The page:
There's a really unusual show at Pirate right now that combines neo-traditional paintings of the figure with animated projections based on them. The Future Is Coming is a collaborative effort by painter Terry Campbell and photographer Matt Slaby.
The front space contains half a dozen monumental paintings by Campbell. In them, Campbell focuses on the full or partial figure in a way that puts a contemporary take on the Old Masters. In most, the figure is lighter than the ground, so it advances toward the picture plane while the background, which is invariably dark, recedes.
In three of them — including the featured piece, "One Step at a Time" (detail pictured) — Slaby helped Campbell with a multi-step process that converted them into new-media works. First he took photos of people that Campbell had staged; the painter himself was often the subject. Campbell then created paintings based on the photos. When the paintings were completed, Slaby photographed them and made animations based on them. These animations are projected onto the canvases so that the figures seem to pulse, or vibrate, and certain colors are toned up in a way that would be impossible if pigment alone had been used. Though I have seen a few other things like these, the method is still rare enough to be truly novel.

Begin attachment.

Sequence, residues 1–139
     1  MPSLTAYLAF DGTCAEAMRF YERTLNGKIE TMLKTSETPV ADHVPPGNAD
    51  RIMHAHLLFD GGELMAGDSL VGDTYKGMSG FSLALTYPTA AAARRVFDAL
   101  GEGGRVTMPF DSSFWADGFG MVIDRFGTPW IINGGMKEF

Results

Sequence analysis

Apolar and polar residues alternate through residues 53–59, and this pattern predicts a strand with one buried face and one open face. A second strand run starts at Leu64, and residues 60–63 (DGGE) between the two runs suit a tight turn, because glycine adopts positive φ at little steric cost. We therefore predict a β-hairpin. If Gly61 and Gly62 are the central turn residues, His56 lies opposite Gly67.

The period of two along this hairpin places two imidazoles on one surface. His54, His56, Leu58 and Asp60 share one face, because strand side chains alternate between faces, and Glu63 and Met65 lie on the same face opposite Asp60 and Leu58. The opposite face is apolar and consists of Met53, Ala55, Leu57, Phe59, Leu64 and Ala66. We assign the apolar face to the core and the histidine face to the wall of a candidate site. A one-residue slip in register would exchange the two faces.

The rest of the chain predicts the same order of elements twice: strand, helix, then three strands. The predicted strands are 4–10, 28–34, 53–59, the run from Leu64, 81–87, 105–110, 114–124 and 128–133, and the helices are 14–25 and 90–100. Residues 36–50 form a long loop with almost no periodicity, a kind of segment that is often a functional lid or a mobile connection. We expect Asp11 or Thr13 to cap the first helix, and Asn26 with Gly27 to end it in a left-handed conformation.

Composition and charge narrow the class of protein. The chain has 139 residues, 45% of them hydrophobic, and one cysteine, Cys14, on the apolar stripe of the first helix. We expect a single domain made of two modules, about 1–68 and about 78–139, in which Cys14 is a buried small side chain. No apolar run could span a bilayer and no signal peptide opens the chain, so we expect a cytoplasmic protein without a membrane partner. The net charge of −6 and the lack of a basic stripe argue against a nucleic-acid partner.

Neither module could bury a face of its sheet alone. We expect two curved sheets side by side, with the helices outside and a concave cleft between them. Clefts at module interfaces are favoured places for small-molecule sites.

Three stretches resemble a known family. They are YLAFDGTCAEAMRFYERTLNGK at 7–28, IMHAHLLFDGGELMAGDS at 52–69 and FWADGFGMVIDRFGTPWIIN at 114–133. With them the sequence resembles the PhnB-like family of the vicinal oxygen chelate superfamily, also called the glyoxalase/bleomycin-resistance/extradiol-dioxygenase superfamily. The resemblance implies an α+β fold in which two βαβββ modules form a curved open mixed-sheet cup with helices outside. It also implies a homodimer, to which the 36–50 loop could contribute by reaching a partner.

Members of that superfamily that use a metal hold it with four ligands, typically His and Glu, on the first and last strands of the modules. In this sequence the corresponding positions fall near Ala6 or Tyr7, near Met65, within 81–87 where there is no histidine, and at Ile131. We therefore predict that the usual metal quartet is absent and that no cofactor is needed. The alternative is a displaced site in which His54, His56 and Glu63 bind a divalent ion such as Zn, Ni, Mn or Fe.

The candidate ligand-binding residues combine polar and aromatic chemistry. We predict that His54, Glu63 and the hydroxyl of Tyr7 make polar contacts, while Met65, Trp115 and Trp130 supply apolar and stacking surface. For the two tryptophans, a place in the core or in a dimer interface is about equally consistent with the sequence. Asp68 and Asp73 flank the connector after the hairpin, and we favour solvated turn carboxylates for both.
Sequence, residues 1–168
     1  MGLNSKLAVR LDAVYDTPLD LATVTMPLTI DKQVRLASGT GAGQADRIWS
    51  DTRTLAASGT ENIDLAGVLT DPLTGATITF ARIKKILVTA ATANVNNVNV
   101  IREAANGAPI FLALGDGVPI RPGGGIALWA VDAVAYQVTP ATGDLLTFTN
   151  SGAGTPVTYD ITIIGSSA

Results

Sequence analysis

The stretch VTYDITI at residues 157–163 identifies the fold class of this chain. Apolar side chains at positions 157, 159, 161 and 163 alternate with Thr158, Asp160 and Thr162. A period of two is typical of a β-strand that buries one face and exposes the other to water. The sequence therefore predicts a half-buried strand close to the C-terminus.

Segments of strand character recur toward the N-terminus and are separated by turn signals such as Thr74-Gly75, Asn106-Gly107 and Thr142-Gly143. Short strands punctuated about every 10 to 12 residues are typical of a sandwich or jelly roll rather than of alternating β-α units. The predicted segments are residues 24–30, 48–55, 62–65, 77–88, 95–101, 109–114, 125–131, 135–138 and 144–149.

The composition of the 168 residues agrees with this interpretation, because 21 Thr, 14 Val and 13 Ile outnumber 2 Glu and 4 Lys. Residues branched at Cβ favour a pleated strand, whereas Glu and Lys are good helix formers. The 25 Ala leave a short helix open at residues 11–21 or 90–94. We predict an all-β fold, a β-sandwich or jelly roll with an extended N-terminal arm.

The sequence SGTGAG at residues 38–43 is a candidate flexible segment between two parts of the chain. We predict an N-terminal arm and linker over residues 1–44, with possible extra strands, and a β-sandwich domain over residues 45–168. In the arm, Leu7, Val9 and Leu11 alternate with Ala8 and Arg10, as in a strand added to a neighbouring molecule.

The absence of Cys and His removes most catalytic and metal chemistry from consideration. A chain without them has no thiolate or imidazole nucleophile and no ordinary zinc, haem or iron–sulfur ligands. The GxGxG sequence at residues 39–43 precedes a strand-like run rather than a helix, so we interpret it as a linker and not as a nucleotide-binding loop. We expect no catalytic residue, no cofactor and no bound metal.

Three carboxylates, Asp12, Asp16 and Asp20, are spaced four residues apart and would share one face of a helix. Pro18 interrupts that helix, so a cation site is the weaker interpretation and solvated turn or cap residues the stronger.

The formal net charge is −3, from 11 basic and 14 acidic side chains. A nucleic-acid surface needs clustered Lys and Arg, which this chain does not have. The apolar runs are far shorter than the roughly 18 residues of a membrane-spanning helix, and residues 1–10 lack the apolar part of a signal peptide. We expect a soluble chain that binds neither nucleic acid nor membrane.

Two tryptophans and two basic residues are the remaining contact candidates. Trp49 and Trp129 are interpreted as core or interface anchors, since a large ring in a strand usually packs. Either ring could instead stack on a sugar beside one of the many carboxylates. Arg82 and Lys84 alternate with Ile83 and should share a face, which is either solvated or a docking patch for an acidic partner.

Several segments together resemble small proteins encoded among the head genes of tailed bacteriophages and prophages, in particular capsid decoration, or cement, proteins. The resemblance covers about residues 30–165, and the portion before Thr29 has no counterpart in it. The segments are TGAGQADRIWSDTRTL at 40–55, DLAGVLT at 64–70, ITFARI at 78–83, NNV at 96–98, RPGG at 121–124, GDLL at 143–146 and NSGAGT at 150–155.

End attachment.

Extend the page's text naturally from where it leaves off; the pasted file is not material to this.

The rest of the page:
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The Future Is Coming
Also at Pirate is Chip Lynch: Ghosts/Guardians, in the Associates Space in the back. Lynch is a self-taught artist, and this show represents his first exhibition ever. Using found linens along with twigs and sticks, he evokes antiquity and spirituality with sculptures that look like robes or other garments. To make them, Lynch folds and drapes the fabrics; many take forms that emphatically suggest the missing figures. They have a tremendous insubstantiality, and gravity has been used to partly determine their formal characteristics.
Through July 29 at Pirate: Contemporary Art, 3655 Navajo Street, 303-458-6058, www.pirateartonline.org.